Agreed. Any detailing pro that is honest will tell you that a ceramic coating does zilch to protect the paint from scratches or rock chips. The less scrupulous ones will tell you otherwise.
 
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Fernand

Active Member
Mar 22, 2019
1,544
1,541
Northern california
With dry dust it was coming off nicely with a microfiber towel. Then last night we suddenly got a tiny bit of rain in some parts of the Bay Area (love that microclimating!). When the sun came out, drops puddled on the slick surface, then evaporated leaving nasty watermarks. AAARGH! I guess I'll try rinsing with a jet of tap water and NOA'ing on the freeway at 80 MPH, like those hand dryers, to dry ;-)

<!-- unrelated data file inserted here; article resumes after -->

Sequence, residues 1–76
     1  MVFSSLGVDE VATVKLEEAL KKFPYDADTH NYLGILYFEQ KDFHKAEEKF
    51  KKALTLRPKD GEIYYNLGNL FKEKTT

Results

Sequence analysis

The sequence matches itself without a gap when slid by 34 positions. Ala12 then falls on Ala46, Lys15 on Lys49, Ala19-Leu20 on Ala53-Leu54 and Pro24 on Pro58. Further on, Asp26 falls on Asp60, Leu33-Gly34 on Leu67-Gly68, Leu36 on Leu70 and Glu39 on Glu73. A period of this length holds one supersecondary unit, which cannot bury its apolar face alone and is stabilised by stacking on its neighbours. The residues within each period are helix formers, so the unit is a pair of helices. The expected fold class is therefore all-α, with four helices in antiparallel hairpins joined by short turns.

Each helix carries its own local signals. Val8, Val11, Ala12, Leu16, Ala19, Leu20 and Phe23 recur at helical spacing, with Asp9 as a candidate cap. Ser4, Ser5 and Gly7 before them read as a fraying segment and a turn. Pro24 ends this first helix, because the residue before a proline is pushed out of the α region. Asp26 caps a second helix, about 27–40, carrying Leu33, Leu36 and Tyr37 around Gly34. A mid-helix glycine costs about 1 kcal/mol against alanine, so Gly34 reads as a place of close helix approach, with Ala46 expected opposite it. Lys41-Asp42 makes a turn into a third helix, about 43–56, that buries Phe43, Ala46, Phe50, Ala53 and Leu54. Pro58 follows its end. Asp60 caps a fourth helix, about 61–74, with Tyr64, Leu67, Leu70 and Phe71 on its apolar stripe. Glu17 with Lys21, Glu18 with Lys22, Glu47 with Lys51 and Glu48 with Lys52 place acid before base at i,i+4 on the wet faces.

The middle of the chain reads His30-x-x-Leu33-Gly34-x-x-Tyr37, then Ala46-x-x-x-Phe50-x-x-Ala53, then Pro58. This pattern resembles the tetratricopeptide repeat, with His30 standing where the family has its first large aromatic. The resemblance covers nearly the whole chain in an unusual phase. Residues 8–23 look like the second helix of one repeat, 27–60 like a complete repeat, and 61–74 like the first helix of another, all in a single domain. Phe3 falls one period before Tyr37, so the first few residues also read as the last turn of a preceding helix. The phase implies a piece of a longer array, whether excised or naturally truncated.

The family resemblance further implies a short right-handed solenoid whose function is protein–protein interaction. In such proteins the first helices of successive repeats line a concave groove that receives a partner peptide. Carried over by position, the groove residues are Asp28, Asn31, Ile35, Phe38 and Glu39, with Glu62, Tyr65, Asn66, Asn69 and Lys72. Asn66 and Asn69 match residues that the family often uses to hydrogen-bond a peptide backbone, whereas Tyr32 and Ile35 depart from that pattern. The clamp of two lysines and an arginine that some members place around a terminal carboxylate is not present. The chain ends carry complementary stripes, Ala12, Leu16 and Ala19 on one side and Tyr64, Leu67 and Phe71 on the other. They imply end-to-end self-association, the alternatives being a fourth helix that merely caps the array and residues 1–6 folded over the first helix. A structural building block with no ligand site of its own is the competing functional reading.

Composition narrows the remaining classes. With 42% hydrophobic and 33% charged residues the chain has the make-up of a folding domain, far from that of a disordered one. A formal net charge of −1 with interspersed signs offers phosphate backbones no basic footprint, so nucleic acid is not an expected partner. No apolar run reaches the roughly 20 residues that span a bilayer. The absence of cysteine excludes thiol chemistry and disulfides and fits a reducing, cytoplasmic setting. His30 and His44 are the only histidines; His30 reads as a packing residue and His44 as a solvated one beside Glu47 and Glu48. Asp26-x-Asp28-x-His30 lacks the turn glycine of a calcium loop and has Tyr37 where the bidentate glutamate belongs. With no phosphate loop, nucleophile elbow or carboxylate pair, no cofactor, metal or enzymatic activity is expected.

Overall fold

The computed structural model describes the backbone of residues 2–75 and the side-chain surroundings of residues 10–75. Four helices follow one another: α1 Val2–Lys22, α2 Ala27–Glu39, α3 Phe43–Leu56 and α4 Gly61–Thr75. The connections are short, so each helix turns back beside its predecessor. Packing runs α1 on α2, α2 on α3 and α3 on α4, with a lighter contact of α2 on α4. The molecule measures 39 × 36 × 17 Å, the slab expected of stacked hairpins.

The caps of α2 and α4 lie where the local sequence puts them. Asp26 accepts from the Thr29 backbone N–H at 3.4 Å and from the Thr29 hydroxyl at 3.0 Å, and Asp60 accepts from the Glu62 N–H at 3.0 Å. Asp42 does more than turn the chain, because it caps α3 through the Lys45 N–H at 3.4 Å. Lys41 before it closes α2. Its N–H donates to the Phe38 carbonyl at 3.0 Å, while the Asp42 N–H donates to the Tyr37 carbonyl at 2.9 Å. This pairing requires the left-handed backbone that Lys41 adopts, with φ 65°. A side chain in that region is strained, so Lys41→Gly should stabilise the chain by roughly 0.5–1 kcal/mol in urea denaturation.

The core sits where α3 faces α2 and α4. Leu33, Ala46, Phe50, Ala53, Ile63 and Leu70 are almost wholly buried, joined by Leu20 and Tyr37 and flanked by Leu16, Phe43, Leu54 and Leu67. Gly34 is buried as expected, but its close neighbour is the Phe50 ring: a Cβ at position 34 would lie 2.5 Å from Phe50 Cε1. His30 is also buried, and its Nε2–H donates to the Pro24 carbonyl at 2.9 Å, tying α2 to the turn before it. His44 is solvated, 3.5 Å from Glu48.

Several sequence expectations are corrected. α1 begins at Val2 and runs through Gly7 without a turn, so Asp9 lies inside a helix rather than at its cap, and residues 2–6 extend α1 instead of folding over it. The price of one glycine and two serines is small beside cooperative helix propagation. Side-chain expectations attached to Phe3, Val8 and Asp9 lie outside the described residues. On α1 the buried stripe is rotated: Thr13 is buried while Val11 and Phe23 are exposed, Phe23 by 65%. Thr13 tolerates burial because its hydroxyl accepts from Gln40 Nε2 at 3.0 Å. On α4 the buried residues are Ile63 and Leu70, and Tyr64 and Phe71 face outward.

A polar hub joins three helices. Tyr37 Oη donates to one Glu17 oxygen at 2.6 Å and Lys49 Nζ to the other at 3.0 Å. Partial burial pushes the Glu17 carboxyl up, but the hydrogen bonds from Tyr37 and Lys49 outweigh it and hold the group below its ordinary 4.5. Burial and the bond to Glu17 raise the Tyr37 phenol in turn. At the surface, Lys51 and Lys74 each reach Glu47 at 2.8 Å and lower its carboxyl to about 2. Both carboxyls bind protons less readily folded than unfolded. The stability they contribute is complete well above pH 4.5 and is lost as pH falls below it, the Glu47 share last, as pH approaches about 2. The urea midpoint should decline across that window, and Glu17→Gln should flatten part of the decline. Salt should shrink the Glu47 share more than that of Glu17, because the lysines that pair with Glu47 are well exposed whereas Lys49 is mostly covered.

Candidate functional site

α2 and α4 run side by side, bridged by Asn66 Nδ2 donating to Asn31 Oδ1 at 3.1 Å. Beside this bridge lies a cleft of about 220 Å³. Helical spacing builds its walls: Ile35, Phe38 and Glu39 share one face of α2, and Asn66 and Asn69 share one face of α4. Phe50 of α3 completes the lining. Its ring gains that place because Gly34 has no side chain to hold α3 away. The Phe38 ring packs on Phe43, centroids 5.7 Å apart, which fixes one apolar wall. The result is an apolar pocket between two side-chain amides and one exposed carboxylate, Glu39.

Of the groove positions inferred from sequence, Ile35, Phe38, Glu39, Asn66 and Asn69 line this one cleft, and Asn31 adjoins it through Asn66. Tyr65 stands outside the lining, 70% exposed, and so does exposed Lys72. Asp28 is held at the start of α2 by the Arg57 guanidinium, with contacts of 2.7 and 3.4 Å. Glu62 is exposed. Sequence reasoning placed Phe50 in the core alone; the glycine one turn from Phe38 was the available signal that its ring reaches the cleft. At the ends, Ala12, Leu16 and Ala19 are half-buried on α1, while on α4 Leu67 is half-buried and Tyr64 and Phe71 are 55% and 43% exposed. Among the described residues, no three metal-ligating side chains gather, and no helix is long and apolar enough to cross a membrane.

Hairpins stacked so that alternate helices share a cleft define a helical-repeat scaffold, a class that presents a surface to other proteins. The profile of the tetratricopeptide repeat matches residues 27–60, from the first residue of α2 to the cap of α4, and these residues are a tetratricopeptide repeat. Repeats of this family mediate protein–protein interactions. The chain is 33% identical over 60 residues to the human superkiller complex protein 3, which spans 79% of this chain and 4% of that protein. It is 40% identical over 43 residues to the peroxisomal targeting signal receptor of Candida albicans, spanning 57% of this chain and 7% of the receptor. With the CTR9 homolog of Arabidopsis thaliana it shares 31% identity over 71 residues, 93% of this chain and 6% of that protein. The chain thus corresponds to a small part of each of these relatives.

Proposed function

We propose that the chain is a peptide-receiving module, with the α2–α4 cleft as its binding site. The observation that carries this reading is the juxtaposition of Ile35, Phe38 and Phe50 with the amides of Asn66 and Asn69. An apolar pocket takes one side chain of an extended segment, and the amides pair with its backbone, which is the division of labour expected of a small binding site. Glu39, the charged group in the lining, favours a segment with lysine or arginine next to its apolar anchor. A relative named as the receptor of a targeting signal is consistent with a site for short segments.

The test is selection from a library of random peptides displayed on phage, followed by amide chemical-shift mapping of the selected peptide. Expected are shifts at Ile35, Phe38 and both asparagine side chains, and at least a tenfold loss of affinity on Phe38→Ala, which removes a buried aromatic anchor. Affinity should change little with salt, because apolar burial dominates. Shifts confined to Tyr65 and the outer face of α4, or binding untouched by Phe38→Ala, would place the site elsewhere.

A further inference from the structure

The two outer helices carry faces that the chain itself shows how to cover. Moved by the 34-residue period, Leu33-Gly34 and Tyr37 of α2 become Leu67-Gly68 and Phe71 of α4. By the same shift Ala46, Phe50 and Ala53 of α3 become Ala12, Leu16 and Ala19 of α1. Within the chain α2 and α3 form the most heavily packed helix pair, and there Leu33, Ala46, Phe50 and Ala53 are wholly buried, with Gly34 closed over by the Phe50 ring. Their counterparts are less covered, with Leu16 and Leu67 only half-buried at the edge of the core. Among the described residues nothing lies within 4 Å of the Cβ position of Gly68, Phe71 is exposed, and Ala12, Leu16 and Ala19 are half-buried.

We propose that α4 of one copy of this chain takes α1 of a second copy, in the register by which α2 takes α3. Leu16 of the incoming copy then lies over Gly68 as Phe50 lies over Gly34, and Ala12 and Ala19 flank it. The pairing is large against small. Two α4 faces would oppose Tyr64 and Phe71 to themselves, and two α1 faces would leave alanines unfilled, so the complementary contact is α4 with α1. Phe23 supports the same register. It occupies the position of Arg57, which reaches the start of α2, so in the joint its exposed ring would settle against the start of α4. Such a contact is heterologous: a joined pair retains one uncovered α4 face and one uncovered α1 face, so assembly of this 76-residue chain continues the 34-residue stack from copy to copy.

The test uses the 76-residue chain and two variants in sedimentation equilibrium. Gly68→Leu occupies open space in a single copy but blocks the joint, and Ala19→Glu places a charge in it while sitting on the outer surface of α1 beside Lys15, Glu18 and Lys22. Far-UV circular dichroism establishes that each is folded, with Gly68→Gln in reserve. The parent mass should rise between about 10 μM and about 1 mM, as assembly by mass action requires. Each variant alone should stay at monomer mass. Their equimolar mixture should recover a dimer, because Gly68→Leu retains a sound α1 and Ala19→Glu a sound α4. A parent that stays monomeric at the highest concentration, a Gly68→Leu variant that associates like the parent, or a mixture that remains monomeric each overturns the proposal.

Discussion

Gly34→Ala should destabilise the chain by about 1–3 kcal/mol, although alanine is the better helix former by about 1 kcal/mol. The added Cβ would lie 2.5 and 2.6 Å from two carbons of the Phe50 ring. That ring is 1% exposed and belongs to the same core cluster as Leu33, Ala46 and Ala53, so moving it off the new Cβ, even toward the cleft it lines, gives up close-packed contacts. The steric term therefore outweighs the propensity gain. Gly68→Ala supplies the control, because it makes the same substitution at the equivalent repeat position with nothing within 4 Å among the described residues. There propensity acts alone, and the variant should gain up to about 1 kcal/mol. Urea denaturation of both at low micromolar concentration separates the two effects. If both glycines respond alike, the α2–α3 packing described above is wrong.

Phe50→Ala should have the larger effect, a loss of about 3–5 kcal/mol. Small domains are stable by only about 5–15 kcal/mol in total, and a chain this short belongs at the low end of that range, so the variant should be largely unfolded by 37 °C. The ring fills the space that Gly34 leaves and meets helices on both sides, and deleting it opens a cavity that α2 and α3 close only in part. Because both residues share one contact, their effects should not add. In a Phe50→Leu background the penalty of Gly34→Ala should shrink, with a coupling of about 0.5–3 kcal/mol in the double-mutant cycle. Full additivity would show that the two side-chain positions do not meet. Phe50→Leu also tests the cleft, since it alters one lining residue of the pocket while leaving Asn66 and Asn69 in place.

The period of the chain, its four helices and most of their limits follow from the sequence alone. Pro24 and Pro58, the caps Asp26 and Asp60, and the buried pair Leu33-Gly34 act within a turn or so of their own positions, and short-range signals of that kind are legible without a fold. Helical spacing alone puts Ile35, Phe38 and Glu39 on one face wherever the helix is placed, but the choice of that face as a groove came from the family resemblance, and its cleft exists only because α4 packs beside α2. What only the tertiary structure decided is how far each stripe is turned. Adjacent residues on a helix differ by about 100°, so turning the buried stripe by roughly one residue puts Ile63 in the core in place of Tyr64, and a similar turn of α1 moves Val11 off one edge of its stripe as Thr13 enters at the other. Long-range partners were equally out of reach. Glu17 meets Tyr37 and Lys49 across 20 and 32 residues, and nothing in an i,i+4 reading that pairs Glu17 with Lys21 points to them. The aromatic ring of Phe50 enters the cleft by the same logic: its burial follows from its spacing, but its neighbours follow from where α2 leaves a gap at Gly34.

OK, black is demanding. But you'll never catch me in a white Tesla. It's like the difference between a tux, and showing up for baccarat in your underwear.
.
 
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Fernand

Active Member
Mar 22, 2019
1,544
1,541
Northern california
It's so obvious, so dumb. But it works! Just blast that buggy with a hose jet before the neighbors call the water police, get in and drive Mad Max on the nearest freeway :cool: This car was looking pretty sad with the grey lunar watermarks, but by the time I got to the Safeway, as below, it was all good again. I think I've found the lazy man's solution to the cloying dust problem.

It seems like most of our planet's car finish problems come from the miserable car washes that SO many people like to use. They grind the paint to feces. After a few months all cars look medieval. Don't do it!